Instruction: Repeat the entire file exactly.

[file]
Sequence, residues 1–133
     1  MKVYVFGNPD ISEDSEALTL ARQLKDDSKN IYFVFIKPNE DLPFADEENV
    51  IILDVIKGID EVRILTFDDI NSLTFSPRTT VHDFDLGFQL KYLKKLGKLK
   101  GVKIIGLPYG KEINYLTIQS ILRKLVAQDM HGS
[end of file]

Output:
Sequence, residues 1–133
     1  MKVYVFGNPD ISEDSEALTL ARQLKDDSKN IYFVFIKPNE DLPFADEENV
    51  IILDVIKGID EVRILTFDDI NSLTFSPRTT VHDFDLGFQL KYLKKLGKLK
   101  GVKIIGLPYG KEINYLTIQS ILRKLVAQDM HGS